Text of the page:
For VFDs for pumps discharging into a high pressure header—typically through a check valve—the VFD should be configured to ramp down, not coast down. "Coast down" means the pump will de-energize immediately when told to stop. If pumping through a check valve into a pressurized header, the back pressure will slam the check valve shut and cause severe water-hammer. With "ramp down," when the VFD is told to stop, it will continue running while it decelerates the motor below the point where any liquid is being pumped (gently closing the check valve), and then stop, thus avoiding or minimizing water hammer. This is not important for variable speed motors moving gasses or liquids into low-pressure headers.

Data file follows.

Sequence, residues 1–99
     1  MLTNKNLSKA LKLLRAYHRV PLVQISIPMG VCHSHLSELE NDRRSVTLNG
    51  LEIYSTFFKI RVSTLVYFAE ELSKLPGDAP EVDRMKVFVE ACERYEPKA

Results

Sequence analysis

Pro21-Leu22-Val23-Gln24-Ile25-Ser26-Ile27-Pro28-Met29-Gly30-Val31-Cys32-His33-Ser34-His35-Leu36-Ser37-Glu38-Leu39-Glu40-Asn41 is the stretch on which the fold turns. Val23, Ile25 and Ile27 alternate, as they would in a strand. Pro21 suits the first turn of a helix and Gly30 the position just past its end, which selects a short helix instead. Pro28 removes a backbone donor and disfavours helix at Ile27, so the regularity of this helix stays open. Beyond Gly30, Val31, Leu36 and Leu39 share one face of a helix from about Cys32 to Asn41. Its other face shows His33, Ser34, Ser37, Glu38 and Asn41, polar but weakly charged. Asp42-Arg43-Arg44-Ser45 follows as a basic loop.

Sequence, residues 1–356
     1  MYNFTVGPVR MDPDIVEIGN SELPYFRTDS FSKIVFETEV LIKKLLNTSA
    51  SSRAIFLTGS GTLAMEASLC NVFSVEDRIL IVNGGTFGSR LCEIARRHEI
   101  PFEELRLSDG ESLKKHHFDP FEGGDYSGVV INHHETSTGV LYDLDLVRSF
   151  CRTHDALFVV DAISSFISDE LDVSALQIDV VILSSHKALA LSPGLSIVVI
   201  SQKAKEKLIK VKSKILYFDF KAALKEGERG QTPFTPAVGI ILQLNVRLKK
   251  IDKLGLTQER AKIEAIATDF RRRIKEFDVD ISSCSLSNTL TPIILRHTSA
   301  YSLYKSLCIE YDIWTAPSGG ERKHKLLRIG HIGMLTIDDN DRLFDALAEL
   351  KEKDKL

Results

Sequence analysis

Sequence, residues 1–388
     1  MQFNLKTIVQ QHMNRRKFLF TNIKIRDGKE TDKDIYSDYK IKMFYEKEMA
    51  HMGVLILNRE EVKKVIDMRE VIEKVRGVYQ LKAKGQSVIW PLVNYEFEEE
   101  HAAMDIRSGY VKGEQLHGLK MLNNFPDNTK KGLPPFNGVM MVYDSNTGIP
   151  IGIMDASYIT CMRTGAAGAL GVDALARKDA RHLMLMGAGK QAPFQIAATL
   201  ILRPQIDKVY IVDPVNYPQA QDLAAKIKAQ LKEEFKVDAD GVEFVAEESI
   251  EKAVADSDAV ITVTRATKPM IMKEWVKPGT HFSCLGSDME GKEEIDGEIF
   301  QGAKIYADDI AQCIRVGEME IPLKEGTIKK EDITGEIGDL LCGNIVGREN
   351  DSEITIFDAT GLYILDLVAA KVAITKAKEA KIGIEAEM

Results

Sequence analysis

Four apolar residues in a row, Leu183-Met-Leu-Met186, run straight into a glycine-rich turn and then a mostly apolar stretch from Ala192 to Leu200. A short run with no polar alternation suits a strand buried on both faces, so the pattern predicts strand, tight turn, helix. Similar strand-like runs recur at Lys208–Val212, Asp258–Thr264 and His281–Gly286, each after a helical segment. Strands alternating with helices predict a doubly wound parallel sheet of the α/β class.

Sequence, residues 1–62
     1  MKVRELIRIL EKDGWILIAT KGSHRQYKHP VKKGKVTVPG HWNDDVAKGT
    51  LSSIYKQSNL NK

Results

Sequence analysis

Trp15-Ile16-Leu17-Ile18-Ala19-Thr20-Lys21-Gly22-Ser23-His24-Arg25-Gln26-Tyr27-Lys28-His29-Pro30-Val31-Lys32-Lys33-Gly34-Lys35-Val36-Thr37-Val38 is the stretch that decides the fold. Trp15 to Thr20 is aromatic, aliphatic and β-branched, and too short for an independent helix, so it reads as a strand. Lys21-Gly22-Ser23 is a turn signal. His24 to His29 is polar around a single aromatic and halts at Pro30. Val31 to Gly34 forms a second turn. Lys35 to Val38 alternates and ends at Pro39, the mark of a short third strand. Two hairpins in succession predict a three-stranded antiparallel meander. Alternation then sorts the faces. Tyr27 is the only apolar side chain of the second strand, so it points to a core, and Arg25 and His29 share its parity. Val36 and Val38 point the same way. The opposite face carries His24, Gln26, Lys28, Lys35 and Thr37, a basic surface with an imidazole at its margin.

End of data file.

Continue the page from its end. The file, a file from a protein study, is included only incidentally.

Dual speed fans
Many cooling towers have multiple dual-speed fans. In this case, a fan could be available to auto-start if stopped or running slow, and available to auto-stop if running either fast or slow. If the fan is triggered to "start" when it is running slow, it shifts to run fast instead. If triggered to "stop" when running fast, it switches to run slow. Note that a fan running slow is then available to auto-start and auto-stop at the same time.
In these systems I usually find operators are happy to let the system take care of itself without intervention once they see how it works. However, if motor prioritization is required, it is easily accomplished.
The operator should be allowed to pick a priority for each motor. This might take the form of clicking "lead," "lag," and "lag-lag" buttons, or setting a number. The configuration could perform two levels of selection—first determining which available motors are of the highest priority, then tie-breaking by the time available scheme above. That can get really complicated.